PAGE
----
Learning Ninjutsu and Budo in the 21st century?

This article was written with the hope to inspire and motivate those who do not have the opportunity to visit a traditional Dojo near them but are interested to undertake the study of Budo and realize on its many benefits of life enhancing journey.

Everybody knows that technological innovation is reshaping the world faster than ever before. The proof is in our devices which hold something close to the sum of humanity’s knowledge.

The biggest commodity in today’s world is “data” and “time”. With an exponential growth in technology and Information becoming hard to keep up with this means we are trying to keep up with information and lifestyle by managing our time. For everything we choose to do, there is an opportunity cost. In other words, doing one thing will require the sacrifice or neglecting of another.

So how do we find a balance between work and lifestyle where part of that lifestyle is our passion and commitment to learning Budo? 

2019 is the year of the Metal Rat. Rats are clever, quick thinkers; successful, but content with living a quiet and peaceful life so it happens that the characteristics the Rat aligns with that of our current lifestyles and aspirations. 

The key to keeping up with the rate of change is to prioritize, remain engaged, connected and network. It is our Masters wish that we foster and build on a community of friendship he created into the future. In order to do so members of this community need maintain basic human principles of respect, collaborate and sharing of information and knowledge. While maintaining all that we need to make sure we train the next generation of enthusiast.

For the longest time Budo was transmitted directly from master to disciple. This was the only way during turbulent times. Even now there are things that can not be transmitted publicly. However there is no longer a reason to hide everything. With the world population nearing 8 Billion there are many sincere individuals around the world eager to learn Japanese Budo and culture that do not have the means or access to a physical dojo near them.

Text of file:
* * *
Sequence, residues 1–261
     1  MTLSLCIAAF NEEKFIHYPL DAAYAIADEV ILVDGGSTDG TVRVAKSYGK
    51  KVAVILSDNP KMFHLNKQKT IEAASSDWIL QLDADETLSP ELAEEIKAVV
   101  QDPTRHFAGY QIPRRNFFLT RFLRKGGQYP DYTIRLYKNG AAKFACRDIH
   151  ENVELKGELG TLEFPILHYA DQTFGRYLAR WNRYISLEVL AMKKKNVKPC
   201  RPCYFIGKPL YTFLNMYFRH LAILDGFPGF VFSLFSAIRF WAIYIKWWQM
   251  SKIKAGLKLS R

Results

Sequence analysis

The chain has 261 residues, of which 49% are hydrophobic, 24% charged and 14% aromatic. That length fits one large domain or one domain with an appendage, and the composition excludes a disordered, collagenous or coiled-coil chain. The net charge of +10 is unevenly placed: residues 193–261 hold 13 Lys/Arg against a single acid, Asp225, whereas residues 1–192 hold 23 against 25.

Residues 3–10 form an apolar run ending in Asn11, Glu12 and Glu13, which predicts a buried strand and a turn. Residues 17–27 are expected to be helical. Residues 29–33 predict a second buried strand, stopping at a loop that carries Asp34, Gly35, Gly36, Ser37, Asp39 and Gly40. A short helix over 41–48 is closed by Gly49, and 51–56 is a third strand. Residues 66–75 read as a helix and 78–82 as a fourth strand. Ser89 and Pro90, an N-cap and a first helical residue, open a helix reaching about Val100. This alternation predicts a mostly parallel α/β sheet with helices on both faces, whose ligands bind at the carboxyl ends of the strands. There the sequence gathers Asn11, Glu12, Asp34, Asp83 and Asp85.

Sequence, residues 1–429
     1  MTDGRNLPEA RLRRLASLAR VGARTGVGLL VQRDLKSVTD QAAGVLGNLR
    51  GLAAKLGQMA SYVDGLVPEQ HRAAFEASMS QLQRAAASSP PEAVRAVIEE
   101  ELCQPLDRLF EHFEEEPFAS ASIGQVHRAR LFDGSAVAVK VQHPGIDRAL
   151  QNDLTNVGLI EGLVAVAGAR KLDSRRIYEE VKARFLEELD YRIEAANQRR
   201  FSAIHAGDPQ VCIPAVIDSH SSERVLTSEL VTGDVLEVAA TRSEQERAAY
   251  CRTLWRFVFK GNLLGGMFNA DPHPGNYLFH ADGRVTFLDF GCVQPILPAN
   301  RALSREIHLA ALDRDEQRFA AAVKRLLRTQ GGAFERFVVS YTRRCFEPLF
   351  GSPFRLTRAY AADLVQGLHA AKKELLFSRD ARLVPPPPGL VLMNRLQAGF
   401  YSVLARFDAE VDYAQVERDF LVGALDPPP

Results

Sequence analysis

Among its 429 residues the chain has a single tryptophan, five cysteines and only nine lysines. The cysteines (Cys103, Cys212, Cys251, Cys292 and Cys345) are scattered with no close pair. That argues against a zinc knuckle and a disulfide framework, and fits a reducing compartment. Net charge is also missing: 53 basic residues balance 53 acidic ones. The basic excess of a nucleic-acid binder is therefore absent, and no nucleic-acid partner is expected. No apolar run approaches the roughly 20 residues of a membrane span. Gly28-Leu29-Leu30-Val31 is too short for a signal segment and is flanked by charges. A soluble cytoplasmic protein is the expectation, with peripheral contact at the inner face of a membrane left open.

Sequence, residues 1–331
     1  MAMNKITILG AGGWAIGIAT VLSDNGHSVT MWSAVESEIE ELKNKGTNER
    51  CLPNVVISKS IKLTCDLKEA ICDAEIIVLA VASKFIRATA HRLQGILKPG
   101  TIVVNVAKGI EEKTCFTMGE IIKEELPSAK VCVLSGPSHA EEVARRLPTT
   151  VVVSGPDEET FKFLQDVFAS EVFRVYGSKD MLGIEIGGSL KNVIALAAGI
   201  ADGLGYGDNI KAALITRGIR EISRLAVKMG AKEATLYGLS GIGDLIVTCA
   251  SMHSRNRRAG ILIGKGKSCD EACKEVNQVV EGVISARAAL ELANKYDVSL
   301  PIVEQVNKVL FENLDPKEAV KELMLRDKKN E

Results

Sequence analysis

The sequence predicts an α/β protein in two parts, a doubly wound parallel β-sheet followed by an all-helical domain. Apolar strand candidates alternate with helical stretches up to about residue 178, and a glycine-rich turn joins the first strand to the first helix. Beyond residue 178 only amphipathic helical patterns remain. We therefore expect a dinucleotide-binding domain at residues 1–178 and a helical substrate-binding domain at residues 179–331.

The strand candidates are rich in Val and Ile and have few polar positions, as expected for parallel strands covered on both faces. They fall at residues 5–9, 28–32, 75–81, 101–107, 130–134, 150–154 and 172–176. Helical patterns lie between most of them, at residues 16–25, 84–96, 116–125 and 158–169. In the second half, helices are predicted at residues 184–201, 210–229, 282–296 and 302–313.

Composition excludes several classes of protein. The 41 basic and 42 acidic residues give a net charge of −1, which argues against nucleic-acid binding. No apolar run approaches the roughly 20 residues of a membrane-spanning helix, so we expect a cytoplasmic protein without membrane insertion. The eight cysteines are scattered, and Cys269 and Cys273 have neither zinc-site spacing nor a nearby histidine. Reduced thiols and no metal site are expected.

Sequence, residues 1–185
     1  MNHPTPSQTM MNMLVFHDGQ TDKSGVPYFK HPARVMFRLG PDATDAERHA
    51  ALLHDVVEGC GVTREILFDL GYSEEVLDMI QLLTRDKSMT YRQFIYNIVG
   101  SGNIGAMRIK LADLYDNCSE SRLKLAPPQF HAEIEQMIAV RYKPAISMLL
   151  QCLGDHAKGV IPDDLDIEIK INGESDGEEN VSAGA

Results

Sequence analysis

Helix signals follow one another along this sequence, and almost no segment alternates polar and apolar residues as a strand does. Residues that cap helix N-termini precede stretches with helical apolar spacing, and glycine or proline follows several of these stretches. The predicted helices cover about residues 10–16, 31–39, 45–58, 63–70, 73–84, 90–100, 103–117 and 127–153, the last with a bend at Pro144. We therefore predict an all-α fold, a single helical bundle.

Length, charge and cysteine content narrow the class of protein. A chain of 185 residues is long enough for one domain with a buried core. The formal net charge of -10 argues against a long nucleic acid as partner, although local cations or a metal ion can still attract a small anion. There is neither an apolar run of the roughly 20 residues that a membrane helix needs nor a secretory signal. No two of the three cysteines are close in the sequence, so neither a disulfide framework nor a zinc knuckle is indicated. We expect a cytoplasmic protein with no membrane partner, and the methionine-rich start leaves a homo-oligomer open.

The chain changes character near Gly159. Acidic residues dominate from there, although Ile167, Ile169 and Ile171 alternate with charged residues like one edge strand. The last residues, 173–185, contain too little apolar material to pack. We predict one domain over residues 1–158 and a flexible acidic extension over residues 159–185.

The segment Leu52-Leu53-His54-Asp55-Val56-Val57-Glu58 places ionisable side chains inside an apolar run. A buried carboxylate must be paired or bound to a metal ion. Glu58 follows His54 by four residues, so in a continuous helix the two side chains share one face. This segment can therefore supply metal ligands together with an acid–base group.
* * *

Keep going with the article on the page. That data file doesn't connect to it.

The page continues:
The beauty of technology today is that it allows those individuals the opportunity to study   directly and in real time with qualified teacher. It’s common knowledge that you can not learn everything online however you can get individuals to a level where they are self motivated to explore and dig deeper beyond the confined of their screens. History is full of tales of disciples discovering a master and taking tutelage only for the master to move on shortly after. So no 2 students of old were created equally. The same can be said to modern times.  I have seen several honest and eager students that were able to grow and develop through online training much better then local students training at the Dojo. These individuals are contributing positively to their communities.

It may not be the most perfect and preferred approach but its a way for more individuals to get engaged. If you are interested in a such a program please reach us through our website or our various social media platforms.

2 Replies to “Learning Ninjutsu and Budo in the 21st century?”

  1. Karen

    Sensei, I really enjoyed this article. I think that technology is a double-edged sword but since it is indeed the direction we’re all going in, we may as well cultivate ways to use it to improve our lives (whatever that looks like for each individual). I also strongly believe in the notion of doing what you can with what you have. It is infinitely better than holding back altogether, or waiting for the “perfect” time, if that even exists.
    Loved the rat/e pun =)

  2. Brian Opdenkelder

    Several of my friends who train in modern combat sports (MMA, BJJ, etc.) have asked why I train in such an ancient martial art as Bujinkan budo-taijutsu. They ask what is the attraction to these “outdated” tools, techniques and training methods.

    My answers vary, but the gist is that I have experienced a depth, breadth and richness in budo / bujutsu that I have been unable to find in more modern martial arts and combat sports. The lessons I have learned through my training and practice of budo / bujutsu have not only fostered my development as a fighter, but have also helped to cultivate and refine the mental, emotional and spiritual aspects of my being — which, in my opinion, is where the true value of “traditional training in contemporary society” is realized.

    My sincere thanks, and deepest respect, go out to you, and the many other Bujinkan shihan in Canada, for making this profound experience of authentic warrior training available to Canadians, at a time in human history when such training is so very necessary.

    Ganbatte kudasai!

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